Cambridge physicist-activist-student-leader believes India can help mankind

Dr. Mrittunjoy Guha Majumdar (right)

He is a scientist, poet, writer, four-time elected student leader at Cambridge University, and activist. Dr. Mrittunjoy Guha Majumdar has led a varied life which currently sees him as a postdoctoral affiliate at Trinity College studying the foundations of quantum mechanics under Professor Brian Josephson, who is an all-time great of Physics and a Nobel Laureate.

Having been born in Connecticut, USA, Mrittunjoy completed his undergraduate degree in India before coming to the UK to obtain his PhD, which he did by the age of 25 at Cambridge University. He has embraced life and the opportunities it provides and has actively worked with governmental and non-governmental organizations, in India and the UK, in fields ranging from science popularization, education, women empowerment to social justice.

Despite being very Indian, he sees himself as very cosmopolitan. For instance, he organised the first hoisting of the Indian flag in the historic Parker’s Pieces in Cambridge, but has also looked at BAME rights, inclusivity, unconscious bias, and anti-racism in the University space and beyond.

“I don’t see this duality, of being Indian and cosmopolitan, as a problem,” he told “I think being truly Indian leads one to naturally being very cosmopolitan and tolerant. The birth of India in the modern age was based on age-old traditions, ideas, ideals and values. Central and fundamental to this was the idea of liberation: liberation from the burden of identities. Mukti, some would say. Tolerance, inclusivity and a desire for equality in society comes from that.”

He certainly practise what he preaches. In the past, he has worked with several NGOs and international organizations working on sustainable development goals and policies that facilitate liberation. These include Amnesty International, Plan International, WHO, Pratham, Stop Trafficking and Oppression of Children & Women (STOP) and War Child.

Despite coming to the UK he clearly still loves his home country. “I feel the idea of India is a promise to mankind, with its underlying principles, particularly that of unity in diversity. Being from this tradition and with this heritage, I believe we have a greater responsibility to be true to this spirit. For me, thanks to my upbringing and my parents and teachers, this comes rather naturally to me.”

He also appreciates the opportunities that have arisen from coming to the UK, but also how much he has to offer too. “In the UK, Indians have contributed a lot to society here, in a constructive manner, over centuries. As an Indian student leader, I believe that we need to stand up for our interests and yet transcend that. At Cambridge, I have worked on issues and campaigns that cut across identities of race, gender, class and nationalities. These have ranged from battling unconscious bias and racism to housing and education policy.”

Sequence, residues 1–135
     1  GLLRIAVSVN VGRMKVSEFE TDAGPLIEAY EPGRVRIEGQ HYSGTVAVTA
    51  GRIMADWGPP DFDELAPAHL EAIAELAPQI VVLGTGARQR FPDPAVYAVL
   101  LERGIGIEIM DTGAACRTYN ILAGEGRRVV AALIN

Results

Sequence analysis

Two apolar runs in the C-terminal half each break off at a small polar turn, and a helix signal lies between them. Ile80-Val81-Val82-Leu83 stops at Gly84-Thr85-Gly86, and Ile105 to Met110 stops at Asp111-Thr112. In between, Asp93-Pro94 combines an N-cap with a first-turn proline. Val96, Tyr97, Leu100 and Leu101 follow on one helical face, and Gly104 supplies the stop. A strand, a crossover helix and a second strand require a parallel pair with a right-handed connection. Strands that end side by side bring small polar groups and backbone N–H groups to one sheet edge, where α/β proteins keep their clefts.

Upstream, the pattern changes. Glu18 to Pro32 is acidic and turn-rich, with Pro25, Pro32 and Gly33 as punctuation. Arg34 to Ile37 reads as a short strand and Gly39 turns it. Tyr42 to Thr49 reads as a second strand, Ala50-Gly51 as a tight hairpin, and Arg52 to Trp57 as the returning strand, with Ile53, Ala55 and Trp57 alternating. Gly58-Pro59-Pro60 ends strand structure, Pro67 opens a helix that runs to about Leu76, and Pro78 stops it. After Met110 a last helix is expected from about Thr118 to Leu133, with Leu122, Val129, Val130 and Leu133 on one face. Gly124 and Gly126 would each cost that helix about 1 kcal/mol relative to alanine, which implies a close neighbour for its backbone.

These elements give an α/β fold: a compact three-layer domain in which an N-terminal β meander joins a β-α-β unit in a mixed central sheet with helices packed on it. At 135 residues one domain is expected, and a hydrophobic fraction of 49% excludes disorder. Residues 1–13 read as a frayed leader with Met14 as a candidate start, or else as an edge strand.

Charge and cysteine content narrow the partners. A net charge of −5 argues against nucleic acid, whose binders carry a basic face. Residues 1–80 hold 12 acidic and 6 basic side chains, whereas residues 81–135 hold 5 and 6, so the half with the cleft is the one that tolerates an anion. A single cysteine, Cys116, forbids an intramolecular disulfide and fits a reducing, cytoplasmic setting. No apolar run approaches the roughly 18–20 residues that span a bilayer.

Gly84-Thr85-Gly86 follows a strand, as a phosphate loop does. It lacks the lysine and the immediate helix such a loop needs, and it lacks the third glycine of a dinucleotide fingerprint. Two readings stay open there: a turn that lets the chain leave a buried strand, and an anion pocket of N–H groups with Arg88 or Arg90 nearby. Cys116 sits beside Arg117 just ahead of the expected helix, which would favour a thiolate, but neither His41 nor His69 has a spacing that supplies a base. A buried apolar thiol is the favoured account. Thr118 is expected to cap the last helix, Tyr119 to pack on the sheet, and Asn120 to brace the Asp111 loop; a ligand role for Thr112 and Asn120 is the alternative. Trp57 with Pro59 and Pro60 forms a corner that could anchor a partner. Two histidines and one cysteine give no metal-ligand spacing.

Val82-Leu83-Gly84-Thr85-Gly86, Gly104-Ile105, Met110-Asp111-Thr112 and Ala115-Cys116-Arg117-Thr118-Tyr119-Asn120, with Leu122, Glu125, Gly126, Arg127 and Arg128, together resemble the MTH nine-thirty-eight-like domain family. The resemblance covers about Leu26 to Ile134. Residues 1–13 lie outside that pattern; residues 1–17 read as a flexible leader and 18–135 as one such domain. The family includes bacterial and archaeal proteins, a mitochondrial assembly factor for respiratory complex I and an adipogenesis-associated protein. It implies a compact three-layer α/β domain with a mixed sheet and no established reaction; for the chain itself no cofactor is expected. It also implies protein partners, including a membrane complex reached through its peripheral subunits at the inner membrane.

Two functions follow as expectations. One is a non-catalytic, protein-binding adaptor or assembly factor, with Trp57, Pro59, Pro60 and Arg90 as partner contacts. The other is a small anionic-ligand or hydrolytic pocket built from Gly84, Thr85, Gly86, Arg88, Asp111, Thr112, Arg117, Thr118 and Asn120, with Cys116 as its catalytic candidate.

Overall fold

However, life in the UK hasn’t been without its challenges. He has been described as a ‘Hindu nationalist’ because of some of his choices. “As someone who fundamentally disagrees with compartmentalisation based on ideologies and identities, I would distance myself from this tag,” he says. “I am a proud Indian but am not sure that nationalism, in the modern sense, has much to do with Hinduism. On principle, I would like to maintain the separation of religion and politics.”

He continues to distance himself from the dogmatic nature that often comes with the term ‘nationalism’. “If this nationalism has to do with the parochial politics of moral policing and disregarding of the innate humanity of other people, then I am unequivocally not a Hindu nationalist but rather a Dharmic Universalist then.”

The taunts haven’t stopped his faith in the future or how he can achieve positive change. “I believe in the equilibrium in society and nature, and feel that the Indian civilisation can help mankind today, when it is struck by rifts and fissures everywhere, be it with Brexit, conflict in the middle east or human rights violations across the world, by providing it with the elixir of tolerance, inclusivity and true cosmopolitanism.”

Having already achieved much, it looks as though Dr. Mrittunjoy Guha Majumdar still has much he wants to do to make the world a better place for everyone.

Jonathan has a varied history, having written for publications such as Asian Woman but also technical magazines such as Networking+. He also has a background in IT so he's been instrumental in the technical side of getting Global Indian Stories launched. As co-founder, he also keeps writing, sub-editing, and handling the social media.